As a result, shopping centers in some areas could find it difficult or even impossible to get rapid assistance from local law enforcement unless a serious, life-threatening crime is involved. Even centers with off-duty police as security — assuming there were off-duty police available to be hired — could struggle to get help quickly. 

“What’s happening now is, there’s just not enough of them to go around in any community,” Taylor said. 

That’s why it’s so important for retail operators to have professional security officers of their own. 

“I think one of the keys to retail security is having security officers that are highly trained and able to act,” Taylor said. 

How security operates will look different depending on the size and nature of the property. At a small shopping center, security officers might be doing well to perform store walkthroughs, handle parking issues, and escort shoppers to their vehicles after dark. 

But what about a larger property? Maybe a regional mixed-use center with dozens of stores and multiple entertainment centers? Properly serving a location like that might require something that looks and functions like a private police force, Taylor said.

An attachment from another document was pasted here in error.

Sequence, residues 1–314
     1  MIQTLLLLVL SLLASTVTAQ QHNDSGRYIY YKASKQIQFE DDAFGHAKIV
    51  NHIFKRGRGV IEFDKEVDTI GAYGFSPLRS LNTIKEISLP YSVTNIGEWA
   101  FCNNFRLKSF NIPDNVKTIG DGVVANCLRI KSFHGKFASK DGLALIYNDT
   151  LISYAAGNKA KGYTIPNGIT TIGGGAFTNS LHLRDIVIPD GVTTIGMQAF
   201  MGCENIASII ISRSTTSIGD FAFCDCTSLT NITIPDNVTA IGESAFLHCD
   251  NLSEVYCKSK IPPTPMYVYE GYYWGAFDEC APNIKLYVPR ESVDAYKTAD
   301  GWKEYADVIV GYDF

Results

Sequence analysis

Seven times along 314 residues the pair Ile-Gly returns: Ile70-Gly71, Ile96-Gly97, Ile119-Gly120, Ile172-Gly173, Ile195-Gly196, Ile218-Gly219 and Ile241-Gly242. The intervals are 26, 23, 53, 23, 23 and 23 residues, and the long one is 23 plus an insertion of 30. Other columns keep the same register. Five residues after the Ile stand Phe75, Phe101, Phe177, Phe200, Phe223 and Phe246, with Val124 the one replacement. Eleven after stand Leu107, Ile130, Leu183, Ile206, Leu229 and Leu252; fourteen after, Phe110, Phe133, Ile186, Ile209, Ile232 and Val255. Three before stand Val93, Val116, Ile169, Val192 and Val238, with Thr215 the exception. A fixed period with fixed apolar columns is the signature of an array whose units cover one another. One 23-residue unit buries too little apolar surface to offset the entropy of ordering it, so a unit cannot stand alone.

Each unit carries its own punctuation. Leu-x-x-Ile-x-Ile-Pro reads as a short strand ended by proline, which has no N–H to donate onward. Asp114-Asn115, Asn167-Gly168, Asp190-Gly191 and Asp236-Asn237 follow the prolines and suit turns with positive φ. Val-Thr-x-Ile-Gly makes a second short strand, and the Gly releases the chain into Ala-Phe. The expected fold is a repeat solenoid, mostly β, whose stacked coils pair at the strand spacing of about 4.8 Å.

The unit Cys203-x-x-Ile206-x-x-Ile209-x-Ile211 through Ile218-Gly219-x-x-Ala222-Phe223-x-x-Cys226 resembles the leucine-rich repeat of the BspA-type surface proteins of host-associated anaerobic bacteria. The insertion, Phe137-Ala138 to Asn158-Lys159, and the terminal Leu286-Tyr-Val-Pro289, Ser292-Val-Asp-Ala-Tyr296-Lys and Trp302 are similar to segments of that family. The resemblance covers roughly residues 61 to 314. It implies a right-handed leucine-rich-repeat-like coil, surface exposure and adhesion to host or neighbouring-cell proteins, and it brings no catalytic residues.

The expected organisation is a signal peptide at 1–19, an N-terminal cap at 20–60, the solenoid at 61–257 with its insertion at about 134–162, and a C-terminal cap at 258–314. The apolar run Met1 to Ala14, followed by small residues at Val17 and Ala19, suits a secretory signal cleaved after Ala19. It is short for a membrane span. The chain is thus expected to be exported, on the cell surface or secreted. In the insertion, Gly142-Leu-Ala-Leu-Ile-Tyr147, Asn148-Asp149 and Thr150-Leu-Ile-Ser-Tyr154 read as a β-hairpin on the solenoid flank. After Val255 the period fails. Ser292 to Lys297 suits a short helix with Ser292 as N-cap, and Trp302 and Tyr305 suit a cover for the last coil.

“Look at your security, and make sure you have a quality security team,” he said. “Retail theft isn’t something that will keep people from coming to your center, but what we notice at every retail center, with every retailer, is if people don’t feel safe, they won’t come out.” 

There is some good news about police hiring. A recent 2024 survey from the Police Executive Research Forum suggests law enforcement hiring might be recovering, as the number of sworn officers grew in 2023. The biggest gains in hiring occurred at small and medium-sized departments. 

Know Your Tenants 

Different types of businesses come with different kinds of problems. Smart retail properties will understand what kinds of risks they’re inviting into their community so they can be prepared. 

For example, a large “party” bar could end up attracting huge crowds of 20-somethings, leading to a higher number of drunk and disorderly incidents. 

Security might have to deal with larger crowds around the building, too. Some of those people never go inside. They just want to see and be seen. 

If your shopping center isn’t prepared for that kind of business — and if you don’t have a security plan that mitigates the accompanying problems — it could end up bringing down the entire shopping center.